Related question: in Soviet Era ballets about various royals, what were those tight, curly white wigs worn by romantic leads all abouts? Why did state theaters sentimentalize the ruling class they had just wiped out a generation earlier?

Edited by bart

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I cant believe I forgot: Yuri Grigorivich's Nutcracker has some of the ugliest costumes I have ever seen in a ballet production. But the ugliest of the ugly has to be the "Mrs. Bates" wigs the snowflakes have to wear. I'm not exaggerating -- they're straight out of Psycho, it seems.

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Whoa!  The prince doesn't grab the crown from the king.    :D  A courtier (the French/Russian version of the Archbishop of Canterbury?) removes the crowns from both the king and queen and crowns Aurora and Desiré.  An orderly progression of power from one generation to the next.

When I saw it, the prince crowned himself. Perhaps it was toned down after the initial criticism that suggested this was a metaphor for the passing of the Company from Balanchine to Martins.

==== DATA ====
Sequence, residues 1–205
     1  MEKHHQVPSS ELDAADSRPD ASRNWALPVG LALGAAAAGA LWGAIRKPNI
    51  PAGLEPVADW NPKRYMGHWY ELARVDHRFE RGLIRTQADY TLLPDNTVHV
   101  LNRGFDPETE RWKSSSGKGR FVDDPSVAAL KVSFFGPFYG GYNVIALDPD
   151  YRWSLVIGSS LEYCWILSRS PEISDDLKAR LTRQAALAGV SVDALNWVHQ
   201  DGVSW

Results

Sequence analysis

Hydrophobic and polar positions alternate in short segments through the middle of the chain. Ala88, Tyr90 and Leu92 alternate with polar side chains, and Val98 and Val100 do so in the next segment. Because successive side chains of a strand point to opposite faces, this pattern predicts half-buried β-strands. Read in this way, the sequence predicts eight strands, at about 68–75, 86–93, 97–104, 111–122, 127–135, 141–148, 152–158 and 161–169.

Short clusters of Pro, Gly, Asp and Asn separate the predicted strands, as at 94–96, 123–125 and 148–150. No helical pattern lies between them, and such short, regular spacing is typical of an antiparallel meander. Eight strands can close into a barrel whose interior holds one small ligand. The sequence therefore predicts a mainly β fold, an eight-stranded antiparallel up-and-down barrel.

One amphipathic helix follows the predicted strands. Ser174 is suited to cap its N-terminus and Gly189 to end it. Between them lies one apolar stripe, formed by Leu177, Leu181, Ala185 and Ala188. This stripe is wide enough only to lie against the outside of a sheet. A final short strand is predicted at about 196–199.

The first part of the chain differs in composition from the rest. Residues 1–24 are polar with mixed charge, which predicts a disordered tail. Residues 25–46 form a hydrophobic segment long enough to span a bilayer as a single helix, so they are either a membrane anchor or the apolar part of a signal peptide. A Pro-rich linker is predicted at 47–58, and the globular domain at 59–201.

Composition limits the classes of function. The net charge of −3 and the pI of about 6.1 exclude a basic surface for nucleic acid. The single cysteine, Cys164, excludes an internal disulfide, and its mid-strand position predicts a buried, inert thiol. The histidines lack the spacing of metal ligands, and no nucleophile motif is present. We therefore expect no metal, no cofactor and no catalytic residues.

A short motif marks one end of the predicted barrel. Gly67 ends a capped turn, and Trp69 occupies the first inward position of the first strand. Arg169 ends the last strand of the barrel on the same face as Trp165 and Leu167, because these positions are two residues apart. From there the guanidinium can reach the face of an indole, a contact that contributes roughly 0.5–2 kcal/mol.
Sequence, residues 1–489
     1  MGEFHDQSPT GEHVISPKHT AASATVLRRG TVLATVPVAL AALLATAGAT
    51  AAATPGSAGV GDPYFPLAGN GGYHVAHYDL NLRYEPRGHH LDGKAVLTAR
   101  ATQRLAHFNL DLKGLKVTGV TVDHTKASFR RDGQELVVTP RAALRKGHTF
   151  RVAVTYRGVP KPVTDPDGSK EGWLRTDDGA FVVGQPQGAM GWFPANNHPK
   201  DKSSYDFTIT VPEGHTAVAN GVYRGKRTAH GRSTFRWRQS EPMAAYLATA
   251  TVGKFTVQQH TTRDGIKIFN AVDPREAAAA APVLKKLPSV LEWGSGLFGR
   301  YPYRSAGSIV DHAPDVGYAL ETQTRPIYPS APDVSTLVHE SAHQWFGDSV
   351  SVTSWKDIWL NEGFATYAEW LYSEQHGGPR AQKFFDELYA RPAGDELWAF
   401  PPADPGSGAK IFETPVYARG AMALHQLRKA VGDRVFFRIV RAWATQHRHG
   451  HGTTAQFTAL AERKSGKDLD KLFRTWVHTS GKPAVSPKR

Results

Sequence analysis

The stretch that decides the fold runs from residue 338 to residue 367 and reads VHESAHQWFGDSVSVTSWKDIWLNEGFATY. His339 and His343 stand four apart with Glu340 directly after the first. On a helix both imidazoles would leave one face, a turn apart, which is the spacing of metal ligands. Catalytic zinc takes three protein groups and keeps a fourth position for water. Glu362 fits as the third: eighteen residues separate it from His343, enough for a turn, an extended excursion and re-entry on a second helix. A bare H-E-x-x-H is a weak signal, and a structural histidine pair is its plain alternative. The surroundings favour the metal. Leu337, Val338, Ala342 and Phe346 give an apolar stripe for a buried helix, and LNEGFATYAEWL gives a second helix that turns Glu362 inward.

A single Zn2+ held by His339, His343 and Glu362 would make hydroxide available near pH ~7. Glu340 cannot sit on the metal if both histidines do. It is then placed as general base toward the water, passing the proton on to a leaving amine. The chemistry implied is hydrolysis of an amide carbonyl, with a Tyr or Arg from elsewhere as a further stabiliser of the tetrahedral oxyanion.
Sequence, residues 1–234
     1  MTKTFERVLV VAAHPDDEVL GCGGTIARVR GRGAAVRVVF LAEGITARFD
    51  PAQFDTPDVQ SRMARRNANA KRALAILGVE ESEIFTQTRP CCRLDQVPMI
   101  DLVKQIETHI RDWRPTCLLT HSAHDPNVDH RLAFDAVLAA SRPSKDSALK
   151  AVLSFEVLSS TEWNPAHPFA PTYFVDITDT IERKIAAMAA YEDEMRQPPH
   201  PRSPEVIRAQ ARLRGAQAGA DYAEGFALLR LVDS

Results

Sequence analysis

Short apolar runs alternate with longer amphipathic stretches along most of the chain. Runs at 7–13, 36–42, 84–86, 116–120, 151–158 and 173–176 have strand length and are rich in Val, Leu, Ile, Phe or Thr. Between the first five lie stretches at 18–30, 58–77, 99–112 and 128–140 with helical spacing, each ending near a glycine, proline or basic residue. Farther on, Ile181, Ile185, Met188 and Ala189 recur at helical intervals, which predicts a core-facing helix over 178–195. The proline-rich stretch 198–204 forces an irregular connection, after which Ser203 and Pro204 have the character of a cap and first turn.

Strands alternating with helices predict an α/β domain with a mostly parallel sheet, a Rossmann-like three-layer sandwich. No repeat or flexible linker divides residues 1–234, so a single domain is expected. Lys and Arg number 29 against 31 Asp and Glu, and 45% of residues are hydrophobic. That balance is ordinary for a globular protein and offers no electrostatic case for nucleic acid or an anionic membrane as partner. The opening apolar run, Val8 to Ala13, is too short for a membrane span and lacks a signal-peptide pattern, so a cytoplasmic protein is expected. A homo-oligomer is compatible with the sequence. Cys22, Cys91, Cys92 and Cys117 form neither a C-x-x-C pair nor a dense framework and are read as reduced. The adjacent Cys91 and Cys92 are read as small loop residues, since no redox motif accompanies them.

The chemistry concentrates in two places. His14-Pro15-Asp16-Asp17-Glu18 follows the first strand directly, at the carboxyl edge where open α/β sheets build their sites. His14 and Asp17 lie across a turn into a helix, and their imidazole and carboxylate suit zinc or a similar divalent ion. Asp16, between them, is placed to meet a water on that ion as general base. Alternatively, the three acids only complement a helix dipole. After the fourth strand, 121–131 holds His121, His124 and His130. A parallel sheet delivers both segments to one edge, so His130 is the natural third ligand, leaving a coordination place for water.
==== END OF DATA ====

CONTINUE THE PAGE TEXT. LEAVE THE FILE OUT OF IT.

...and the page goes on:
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Alina Cojocaru's all-black-outside/red-underskirt, V-necked, long-sleeved tutu in the last act of Don Q. It manages to make this teenage-looking, delicate, petite beauty look like an overweight matron.

I saw Cojocaru in this tutu at the recent Mariinsky Festival, in St Petersburg. It was much commented on, negatively,  in the Russian websites.

I wonder if this is the regular Don Q/final act tutu that is worn by all Royal Ballet ballerinas, in the current Royal production? Do *any* of the Royal's ballerinas look good in this?

I've actually never seen that costume! In the Don Q that was televised here a few years ago, the Act III costumes are white and red with a bit of gold. However, at the tsunami gala Tamara Rojo wore a gorgeous black and red camisole tutu....

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Whoa!  The prince doesn't grab the crown from the king.    :D  A courtier (the French/Russian version of the Archbishop of Canterbury?) removes the crowns from both the king and queen and crowns Aurora and Desiré.  An orderly progression of power from one generation to the next.